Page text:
Acme Bakeshop sells bread to over 50 local restaurants, cafes and food trucks.
GARDEN CITY, Idaho – Nestled in an old industrial building sits Acme Bakery and its 15 employees, who work during the hours that many spend sleeping.
“Our schedule is based on a restaurant’s lunch hour,” said Acme founder Michael Runsvold. “If they don’t have bread before lunch, they are stressed.”
There is no logo to attract attention. There are no advertisements on billboards. Just a red note-card sized sticker on the front door.
Inside this door is a world that Runsvold has been constructing for himself since 2012.
“I don’t know if I could describe it to you,” Runsvold said. “You start with a bag of flour and a bucket of water and end the day with a stack of beautiful bread. You turn things around. It’s amazing.”
To pay the bills, Runsvold sells bread for more than 50 local restaurants and businesses. Acme sells bread at farmers’ markets just for fun, according to Runsvold.
However, the cost of fun now comes at a higher price. Runsvold increased the cost of its bread to meet rising ingredient costs.
“It’s just a question of inputs. Everything we use to make bread costs more – right down to the employees,” Runsvold said. “Everything has gone through a phase where it’s harder to find. It’s just more work to do that job.”
Acme’s prices increase by 50 cents to $1 more per product, Runsvold said. It was a decision he didn’t want to make, but it was a decision he had to make to stay in business.
Runsvold buys its flour from a cooperative located on the Palouse. The company is called shepherd’s grain.
Flour costs $17 per bag, according to Runsvold. It’s not the cheapest price Runsvold can find, but it’s the most stable price.
This is because the cooperative buys directly from the farmers and sells directly to the customer. The key is to avoid the commodity market where prices are set at a macro level.
“Wheat farmers are price takers, not price makers. They do not set their selling price. That’s what we offer them.” Idaho Wheat Board said executive director Casey Chumrau.
The world economy – and world events – have a significant impact on the cost of wheat in the commodity market, including the war in Ukraine. Russia and Ukraine export 30% of the world’s wheat, according to Chumrau.
This creates great uncertainty in the market. However, prices have been unstable for years.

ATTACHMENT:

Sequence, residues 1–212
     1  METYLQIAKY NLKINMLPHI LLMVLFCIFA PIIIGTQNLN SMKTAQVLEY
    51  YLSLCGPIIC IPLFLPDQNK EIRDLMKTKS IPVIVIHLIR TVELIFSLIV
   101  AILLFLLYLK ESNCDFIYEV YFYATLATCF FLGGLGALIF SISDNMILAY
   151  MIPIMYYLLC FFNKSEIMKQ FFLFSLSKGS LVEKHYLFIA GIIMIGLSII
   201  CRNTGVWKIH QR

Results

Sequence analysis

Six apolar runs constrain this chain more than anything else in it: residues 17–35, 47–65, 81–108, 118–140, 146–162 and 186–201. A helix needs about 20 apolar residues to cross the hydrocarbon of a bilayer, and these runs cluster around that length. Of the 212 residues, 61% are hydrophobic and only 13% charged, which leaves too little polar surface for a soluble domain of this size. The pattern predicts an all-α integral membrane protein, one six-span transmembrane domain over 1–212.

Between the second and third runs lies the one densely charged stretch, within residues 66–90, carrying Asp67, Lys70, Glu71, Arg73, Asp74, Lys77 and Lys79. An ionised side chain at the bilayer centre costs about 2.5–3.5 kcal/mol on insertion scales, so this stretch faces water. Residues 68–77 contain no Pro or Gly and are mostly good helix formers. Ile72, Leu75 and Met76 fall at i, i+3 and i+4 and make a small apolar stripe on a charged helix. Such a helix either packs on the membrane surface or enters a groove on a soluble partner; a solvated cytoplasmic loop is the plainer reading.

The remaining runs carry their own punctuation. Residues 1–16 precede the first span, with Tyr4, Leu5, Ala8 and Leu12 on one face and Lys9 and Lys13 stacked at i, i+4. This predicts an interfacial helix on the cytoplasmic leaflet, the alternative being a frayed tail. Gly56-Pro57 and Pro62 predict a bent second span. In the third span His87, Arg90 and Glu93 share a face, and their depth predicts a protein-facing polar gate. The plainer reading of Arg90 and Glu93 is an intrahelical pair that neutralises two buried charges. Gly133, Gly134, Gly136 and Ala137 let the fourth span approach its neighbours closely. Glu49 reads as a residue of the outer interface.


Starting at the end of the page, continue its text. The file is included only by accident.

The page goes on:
“Over the last 10 to 20 years, we’ve seen a lot more volatility in grain markets,” Chumrau said. “If you talk to people whose grandparents grew wheat, it was a lot if it changed 20 cents in a year. Now you can change 20 to 40 cents in a day.”
Most farmers bet that the market price of raw materials will cover the cost of production with the money left over for a profit. It’s an increasingly dangerous bet as diesel fuel, fertilizers and other overhead costs increase.
“60 to 300 percent increases depending on input,” Chumrau said. “The cost of production for producers has increased significantly this year.”
The local cooperative that Acme sources from, Shepherd’s Grain, avoids all that. The cooperative sets its prices according to the cost of production. This ensures that the farmers make a profit and the customer enjoys a stable and reliable price.
“I don’t think anyone has had it easy. Everyone is trying to find their bearings,” Runsvold said.
As the cost of production continually rises, the prices of cooperatives also rise. This is a cost that Runsvold must pass on to its customers.
While Runsvold loves what he does for a living, he navigates uncharted territory amid rapid inflation.
“Everything has changed so much recently. It’s hard to know if you’re making the right choice for what’s possible in the future,” Runsvold said.
The US Bureau of Labor Statistics (BLS) tracks inflation through a variety of numbers and numbers. The Consumer Price Index (CPI) has risen 8.6% over the past 12 months.
It’s the biggest CPI increase over a 12-month period since late 1981, according to the BLS.